3) Modular design and construction often uses a crawl space, which adversely impacts the ability to control condensation and outdoor air flowing in and throughout the building. The crawl space can be difficult to isolate from the building cavities (including the marriage wall cavities), allowing air to flow more freely through the building. Many times the crawl space is designed by the base designer rather than the modular manufacturer, resulting in the improper design and construction of the crawl spaces for use within a modular building. In warm and humid climates, this fact has caused problems with moisture accumulation and condensation occurring not only on the belly wrap of the modular boxes, but also inside the marriage wall cavities.
The photographs in Figure 4 show the marriage wall between two modular boxes in an assisted living facility in Florida. Often these cavities remain open (or at least poorly sealed), allowing for outdoor conditions to reach in and affect them. In Figure 3, moisture accumulation and condensation occurred not only on the belly wrap (see Video 1) but also on the wood found in the marriage wall cavity (see Video 2). This cavity between modular boxes is a unique condition found only within modular construction, It is a key area that must be addressed if moisture accumulation is going to be prevented in future modular construction in warm and humid climates.
Moisture Accumulation on Belly Wrap
Moisture Accumulation in the Marriage Wall Cavity
4) There is a modular box versus base building conflict inherently built into how modular buildings are designed, built, and delivered. The modular boxes are designed and manufactured in a vacuum of the design and construction of the base building. The crawlspace, roof, attic, exterior cladding, and HVAC system are more often than not each designed by separate entities, and are then constructed by entirely different entities. As a result, the typical “design-by-silo” challenges inherently found within the design and construction process are accentuated to an even greater extent than they would normally be. There are now essentially at least two architects, two mechanical engineers, and two contractors on the team making decisions apart from each other about building pressurization, air barrier design, and dehumidification capacity. For this reason, many modular facilities do not end up with continuous barriers or proper building pressurization needed in a warm and humid climate to prevent moisture-related mold problems.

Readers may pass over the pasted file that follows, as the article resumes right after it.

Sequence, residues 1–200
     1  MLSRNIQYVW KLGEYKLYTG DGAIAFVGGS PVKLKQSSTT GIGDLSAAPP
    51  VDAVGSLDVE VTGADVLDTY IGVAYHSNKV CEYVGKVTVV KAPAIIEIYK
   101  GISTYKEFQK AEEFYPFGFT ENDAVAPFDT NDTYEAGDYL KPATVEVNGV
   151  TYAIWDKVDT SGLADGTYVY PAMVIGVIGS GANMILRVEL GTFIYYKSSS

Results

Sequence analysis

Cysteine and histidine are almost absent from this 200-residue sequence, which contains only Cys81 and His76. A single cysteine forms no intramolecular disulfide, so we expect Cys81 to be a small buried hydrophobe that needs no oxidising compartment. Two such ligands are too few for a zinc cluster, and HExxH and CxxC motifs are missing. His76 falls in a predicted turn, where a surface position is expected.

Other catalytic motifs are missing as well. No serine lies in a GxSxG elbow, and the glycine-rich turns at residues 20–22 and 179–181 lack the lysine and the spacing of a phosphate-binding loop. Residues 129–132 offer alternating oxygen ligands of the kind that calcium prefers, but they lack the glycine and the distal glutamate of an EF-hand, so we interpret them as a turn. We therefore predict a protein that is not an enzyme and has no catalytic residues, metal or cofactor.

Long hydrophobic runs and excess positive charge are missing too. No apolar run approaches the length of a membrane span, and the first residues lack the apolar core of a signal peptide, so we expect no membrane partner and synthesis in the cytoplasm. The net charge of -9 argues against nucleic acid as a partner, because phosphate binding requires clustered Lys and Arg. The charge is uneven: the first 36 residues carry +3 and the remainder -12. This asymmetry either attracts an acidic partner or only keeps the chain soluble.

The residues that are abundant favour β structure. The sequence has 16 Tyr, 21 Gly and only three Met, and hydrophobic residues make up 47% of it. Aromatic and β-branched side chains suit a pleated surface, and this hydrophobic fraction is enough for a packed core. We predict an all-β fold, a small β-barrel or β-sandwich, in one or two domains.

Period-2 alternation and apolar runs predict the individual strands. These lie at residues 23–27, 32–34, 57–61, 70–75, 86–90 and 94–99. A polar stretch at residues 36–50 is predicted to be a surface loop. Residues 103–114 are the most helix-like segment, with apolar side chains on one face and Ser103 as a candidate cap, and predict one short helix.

Figure 5 shows the bottom of the third floor “pan.” This area was found to have condensation occurring as a result of air flow through the third floor pan and the second floor ceiling. The areas that had direct air flow from the room PTAC units were worse because they were found to be the coldest. In some cases, the surface temperatures were found to be as low as 68F during the summer months.
5) Inspections for code compliance often differ depending on the jurisdiction in which the individual parts are either manufactured or constructed. For example, in the State of Florida, modular construction is governed by the Department of Community Affairs. The DCA inspects each modular box before it leaves the manufacturing facility. On the other hand, the base building is inspected by the local code official. This individual does not, however, inspect the modular box once it has received the DCA inspection and certification. While both governmental agencies rely upon the same building codes, this “silo inspection” competes with a more holistic process that has overall building performance as the overarching goal—and is found wanting.
Those who wish to avoid mold and moisture problems in modular building design and construction should realize that it’s a perfect candidate for an outside peer review, especially in warm and humid climates. Inherently, the design and construction of modular buildings require careful interfacing between the various designers and contractors. There can often be a set of base building designers and contractors and then a different team for the modular units themselves. Achieving the correct building pressurization between the base building design and the modular unit design is an area where a peer reviewer can help the team tremendously in identifying how the modular box HVAC design will work with the base building HVAC design in order to achieve the correct building pressurization.
LBFG has provided mold and moisture diagnoses and solutions for buildings to owners, contractors, and developers worldwide. The firm has project experience in the U.S., Canada, Mexico, the Caribbean, Central America, the Middle East, Southeast Asia and Europe. Contact them at email@example.com or by phone at 407/467-5518.